Preventing the Unauthorised Binary



Brett Lymn
Copyright 2000-2002. All rights reserved.
January 19, 2000

Updated June 18, 2002 by Jay Fink

Abstract

This paper will demonstrate a method of ensuring the binaries running on a Unix system have not been subverted or modified and that unauthorised binaries can be prevented from executing even if the root account is being used. This method also allows sophisticated shell interpreters to be safely installed by preventing the interpreter being run directly by exec. This paper is a description of work in progress and some features described may change.

Introduction

At the time of writing, the current trend of system attack is gain control of many victim machines and use the resources of these victims to disrupt the services on a third party system. Sophisticated distributed Denial of Service (DoS) tools such as Stacheldraht[1], Trinoo[2], Tribal Flood Network[3][4] and others[5] that are being deployed by attackers to perform DoS attacks against various targets.

Part of the reason as to why these tools are widely deployed is the poor set up and maintenance of machines connected to the Internet. Basic precautions for securing machines has not been done and auditing of the machines is not performed. Part of the reason, also, is that a lot of these machines are UNIX systems and once the attacker has gained root privileges they have total control of the victim system. This means that they can install and run any binaries they choose or modify current system binaries to perform extra functions - such modified binaries are called Trojan Horses and have been commonly used to log user passwords to a file or provide a root shell on demand.

Poor system setup is a matter of educating administrators about the correct manner in which to secure a system. It seems amazing that this still needs to happen given the sheer volume of information available both commercially and freely but evidence shows that the education process needs to continue.

A method of preventing unauthorised binaries running and detecting Trojan horses will allow the conscientious administrators to more easily audit their systems and have confidence in the binaries they run. There are already methods of doing this but they do have some difficulties and this paper attempts to show a new approach to the problem.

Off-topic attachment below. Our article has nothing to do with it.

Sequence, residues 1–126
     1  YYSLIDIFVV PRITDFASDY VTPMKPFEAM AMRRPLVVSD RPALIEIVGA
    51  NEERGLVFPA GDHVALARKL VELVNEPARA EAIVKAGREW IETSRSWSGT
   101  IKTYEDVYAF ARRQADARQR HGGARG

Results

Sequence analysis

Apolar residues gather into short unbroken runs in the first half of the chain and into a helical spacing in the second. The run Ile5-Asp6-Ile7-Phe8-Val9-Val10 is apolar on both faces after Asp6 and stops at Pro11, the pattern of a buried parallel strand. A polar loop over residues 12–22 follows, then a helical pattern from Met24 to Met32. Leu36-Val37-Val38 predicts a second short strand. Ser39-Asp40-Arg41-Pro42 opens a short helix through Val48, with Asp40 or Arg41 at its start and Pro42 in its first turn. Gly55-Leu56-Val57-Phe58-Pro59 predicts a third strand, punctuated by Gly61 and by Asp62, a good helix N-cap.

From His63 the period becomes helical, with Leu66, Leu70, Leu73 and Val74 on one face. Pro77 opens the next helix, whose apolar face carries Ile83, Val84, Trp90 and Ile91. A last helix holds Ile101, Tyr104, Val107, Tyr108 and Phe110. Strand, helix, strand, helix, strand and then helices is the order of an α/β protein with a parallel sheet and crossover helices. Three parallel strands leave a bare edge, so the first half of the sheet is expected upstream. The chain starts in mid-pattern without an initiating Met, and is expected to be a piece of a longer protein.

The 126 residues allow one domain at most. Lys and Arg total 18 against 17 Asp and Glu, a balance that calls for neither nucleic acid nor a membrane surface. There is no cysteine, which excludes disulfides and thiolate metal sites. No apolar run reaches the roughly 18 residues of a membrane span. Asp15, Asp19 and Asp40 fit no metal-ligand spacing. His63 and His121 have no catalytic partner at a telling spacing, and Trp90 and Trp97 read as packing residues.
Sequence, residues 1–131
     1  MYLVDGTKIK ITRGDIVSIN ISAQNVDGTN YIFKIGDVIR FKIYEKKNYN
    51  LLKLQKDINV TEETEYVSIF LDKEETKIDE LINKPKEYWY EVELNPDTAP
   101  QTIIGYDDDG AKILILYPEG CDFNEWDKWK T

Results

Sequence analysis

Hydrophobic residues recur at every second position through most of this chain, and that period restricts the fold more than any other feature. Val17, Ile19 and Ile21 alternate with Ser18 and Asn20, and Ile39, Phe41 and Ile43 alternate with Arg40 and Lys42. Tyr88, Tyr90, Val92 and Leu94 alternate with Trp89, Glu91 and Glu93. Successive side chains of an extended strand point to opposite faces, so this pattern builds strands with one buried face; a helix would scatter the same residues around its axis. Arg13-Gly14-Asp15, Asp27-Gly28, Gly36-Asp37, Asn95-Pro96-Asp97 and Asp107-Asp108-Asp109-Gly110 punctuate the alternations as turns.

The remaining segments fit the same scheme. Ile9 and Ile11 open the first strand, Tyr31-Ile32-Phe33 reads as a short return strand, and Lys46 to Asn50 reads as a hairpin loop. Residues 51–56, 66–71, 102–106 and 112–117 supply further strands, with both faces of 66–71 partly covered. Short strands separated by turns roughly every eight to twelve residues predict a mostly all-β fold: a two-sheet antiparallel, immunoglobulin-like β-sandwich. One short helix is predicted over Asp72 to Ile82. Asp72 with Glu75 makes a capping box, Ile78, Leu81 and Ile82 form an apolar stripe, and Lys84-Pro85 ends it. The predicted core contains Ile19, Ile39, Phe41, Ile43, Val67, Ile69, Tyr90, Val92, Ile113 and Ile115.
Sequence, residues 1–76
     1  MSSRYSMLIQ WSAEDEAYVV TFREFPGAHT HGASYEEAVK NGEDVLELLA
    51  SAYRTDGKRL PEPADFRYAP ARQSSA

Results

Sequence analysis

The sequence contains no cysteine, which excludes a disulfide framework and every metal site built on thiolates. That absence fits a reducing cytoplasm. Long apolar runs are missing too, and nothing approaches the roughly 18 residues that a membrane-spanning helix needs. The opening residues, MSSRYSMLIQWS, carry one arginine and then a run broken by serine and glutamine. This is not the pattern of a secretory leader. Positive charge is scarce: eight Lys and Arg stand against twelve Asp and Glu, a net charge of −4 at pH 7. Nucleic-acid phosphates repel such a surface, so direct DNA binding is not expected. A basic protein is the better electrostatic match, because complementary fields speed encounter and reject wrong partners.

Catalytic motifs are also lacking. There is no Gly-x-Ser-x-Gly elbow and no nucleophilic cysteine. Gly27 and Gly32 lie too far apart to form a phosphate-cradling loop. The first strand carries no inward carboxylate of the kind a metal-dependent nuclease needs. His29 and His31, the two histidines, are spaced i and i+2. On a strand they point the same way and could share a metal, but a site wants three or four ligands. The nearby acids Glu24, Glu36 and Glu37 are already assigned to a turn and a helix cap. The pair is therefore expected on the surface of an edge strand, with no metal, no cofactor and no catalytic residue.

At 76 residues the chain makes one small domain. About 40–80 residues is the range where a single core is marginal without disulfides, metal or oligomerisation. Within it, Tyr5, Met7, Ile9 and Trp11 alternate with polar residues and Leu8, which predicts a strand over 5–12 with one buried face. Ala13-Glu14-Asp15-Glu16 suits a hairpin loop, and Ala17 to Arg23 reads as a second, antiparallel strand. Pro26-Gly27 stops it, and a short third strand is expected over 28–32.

Prior Art

Probably the most well known tool for auditing a running system is a tool called tripwire[6]. This tool is quite old now but it is still useful in auditing a system. Tripwire validates the signatures of files in it's control file against the files on the running system and flags any files that do not match. Multiple fingerprinting methods can be employed depending on the administrators tastes as well as checking the file modification times. Due to the nature of tripwire there are aspects of it that are difficult to secure properly so that the results can be trusted. This difficulty may be part of the reason why tripwire is not more widely used. Some of the problems with tripwire are:

  1. Tripwire runs as a user level process and as such there is nowhere that it can securely cache data between runs. It also means that an attacker may be able to subvert the running of tripwire to either prevent it running or run it with a subverted configuration.
  2. It is difficult to assure that the tripwire binary being run is the true, correct version and that the binary has not been manipulated by an attacker.
  3. Tripwire can be computationally expensive to run. The degree of expense depends on the number of differing fingerprinting methods configured and the fingerprint algorithms used. Normally, there is a trade off between the number of times a day tripwire is run and the processor load. A machine that continually runs tripwire may be too slow to perform real work. This trade off means that there is a window of opportunity for an attacker to break into a machine and use that machine for whatever she wants before tripwire runs again and, possibly, flags a problem.
  4. Depending on the configuration, reports from tripwire can be very verbose about changes to the system it is run on. Normally, parts of the machine are deliberately not scanned or only file status is checked. These blind spots may be used by an attacker to store their toolkit on unnoticed.

Some of these points can be addressed by very careful configuration and strict adherence to procedures for maintaining the tripwire configurations and databases.

Other Methodologies